Since completing his PhD in Intellectual History (Centre for Modern Thought, University of Aberdeen, 2009), Jorge Ledo has been Assistant Professor at the University of Michigan (Ann Arbor, 2009-2010) and at the University of Basel (Switzerland, 2011-2017).
He has organized and participated in conferences in a wide range of universities and research centres of renowned international prestige, among which are the Warburg Institute, the University of London, the University of Buffalo, the University of Tokyo, Bristol University and the University Ca’Foscari. He is a founder and director of the «Hetedoroxia Iberica» collection for Brill Publishers.
Among his academic work, which is centred around the intellectual history of the Late Middle Ages and the Renaissance, his studies of the Dutch humanist Erasmus of Rotterdam are particularly noteworthy. Ledo played a fundamental part in the finding and critical edition of the only translation to Spanish of the XVI century In Praise of Folly (Moria de Erasmo Roterodamo, Leiden-Boston:Brill) and a partial (Erasmus Studies, 2018). Currently, he is in the process of completing various volumes with both nationally and internationally renowned publishers.
In recent decades Historiography has begun to pay more attention to communicative practices during the Renaissance, paying special attention to court culture, in academies, and more recently in the area of diplomacy. However, we are yet to create a thorough analysis of the communicative practices which could be defined as «scientific culture» and «high culture» during the period.
My focus in this project will not consist in offering a descriptive or comprehensive study of said practices. It will however offer an analysis of the conceptual and ideological bases, which are much less studied, and give them entity and theoretical coherence. The aim is to show that under the apparent heterogeneity of mechanisms by which old knowledge is upheld and perpetuated, or by which it is refuted, expunged, punished or the new is imposed, a series of more or less consciously accepted communicative codes are found among a large majority of intellectuals of the time.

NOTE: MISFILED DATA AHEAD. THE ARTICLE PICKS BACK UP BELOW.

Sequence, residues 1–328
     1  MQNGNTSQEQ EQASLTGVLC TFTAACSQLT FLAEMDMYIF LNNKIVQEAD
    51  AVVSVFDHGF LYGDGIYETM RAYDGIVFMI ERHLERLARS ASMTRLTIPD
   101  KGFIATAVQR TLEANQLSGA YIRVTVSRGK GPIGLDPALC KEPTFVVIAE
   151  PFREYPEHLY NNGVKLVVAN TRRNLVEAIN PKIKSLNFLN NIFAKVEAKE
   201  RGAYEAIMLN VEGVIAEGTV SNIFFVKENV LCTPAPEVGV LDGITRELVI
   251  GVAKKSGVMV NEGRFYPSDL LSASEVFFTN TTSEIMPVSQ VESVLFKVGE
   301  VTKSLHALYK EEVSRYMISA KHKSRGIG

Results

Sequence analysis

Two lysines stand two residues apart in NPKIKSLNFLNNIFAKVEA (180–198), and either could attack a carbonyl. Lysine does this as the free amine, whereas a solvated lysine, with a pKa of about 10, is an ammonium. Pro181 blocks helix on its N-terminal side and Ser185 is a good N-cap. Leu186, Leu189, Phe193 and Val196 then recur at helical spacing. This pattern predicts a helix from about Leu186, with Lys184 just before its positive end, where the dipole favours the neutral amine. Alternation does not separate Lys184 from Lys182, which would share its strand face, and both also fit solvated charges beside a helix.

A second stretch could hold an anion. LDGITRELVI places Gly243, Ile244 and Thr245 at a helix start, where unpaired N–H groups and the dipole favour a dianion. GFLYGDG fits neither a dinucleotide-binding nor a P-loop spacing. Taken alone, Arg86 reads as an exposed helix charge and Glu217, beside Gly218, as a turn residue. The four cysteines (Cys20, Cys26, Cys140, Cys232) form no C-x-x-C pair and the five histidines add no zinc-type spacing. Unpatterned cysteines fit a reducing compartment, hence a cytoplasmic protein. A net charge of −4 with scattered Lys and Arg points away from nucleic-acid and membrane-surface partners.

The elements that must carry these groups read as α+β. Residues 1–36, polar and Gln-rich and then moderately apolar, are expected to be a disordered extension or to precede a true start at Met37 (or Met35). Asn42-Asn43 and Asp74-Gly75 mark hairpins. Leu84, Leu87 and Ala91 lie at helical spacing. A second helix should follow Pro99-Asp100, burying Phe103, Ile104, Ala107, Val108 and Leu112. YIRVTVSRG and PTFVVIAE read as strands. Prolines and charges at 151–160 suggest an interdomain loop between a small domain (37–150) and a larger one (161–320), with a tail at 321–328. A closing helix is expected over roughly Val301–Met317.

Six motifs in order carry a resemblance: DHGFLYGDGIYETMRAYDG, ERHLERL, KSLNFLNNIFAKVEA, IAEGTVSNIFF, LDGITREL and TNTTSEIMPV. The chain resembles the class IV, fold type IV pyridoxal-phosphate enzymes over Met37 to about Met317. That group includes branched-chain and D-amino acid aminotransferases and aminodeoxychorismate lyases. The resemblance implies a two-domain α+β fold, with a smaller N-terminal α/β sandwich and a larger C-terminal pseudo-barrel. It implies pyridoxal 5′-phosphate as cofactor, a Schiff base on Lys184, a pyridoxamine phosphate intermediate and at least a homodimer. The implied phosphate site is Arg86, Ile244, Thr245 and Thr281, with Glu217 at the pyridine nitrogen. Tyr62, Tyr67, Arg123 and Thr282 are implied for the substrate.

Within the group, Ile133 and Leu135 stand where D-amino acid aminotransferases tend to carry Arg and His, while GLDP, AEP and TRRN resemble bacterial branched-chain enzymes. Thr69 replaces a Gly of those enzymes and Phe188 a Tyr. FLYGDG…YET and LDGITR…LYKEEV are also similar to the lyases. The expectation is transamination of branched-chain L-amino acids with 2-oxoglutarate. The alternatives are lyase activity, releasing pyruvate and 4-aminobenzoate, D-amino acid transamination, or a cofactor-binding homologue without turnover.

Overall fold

The difficulty in describing this communicative «theory» is two-fold. On one hand, the fact is that during the period it is not possible to ascribe it to any specific theoretical domain – nor to any specific discipline – as it is transversal by definition, and therefore the analysis that attempts to study it must also be so. On the other hand, not all the central concepts within this «theory» are incorporated at the same time nor with the same intensity, but are gradually modified and crystallized through the sedimentation of very different materials – from the advancements of textual criticism to the study of Roman law, from Biblical exegesis to innovations in material culture, to give but a few examples – between the end of the XIV century and the beginning of the XVI century.
The importance of the project lies in that it allows us to understand the great historical disruptions which are produced during the long process of transformation from medieval culture to modern European culture as a coherent group established in a new communicative culture. A theoretical group that offers a new starting point from which to understand its theoretical nuance, not exclusively «archaeological», and features that Europeans have attempted to give themselves as hallmarks of their culture: freedom of expression, freedom of thought, religious freedom or the idea of progress.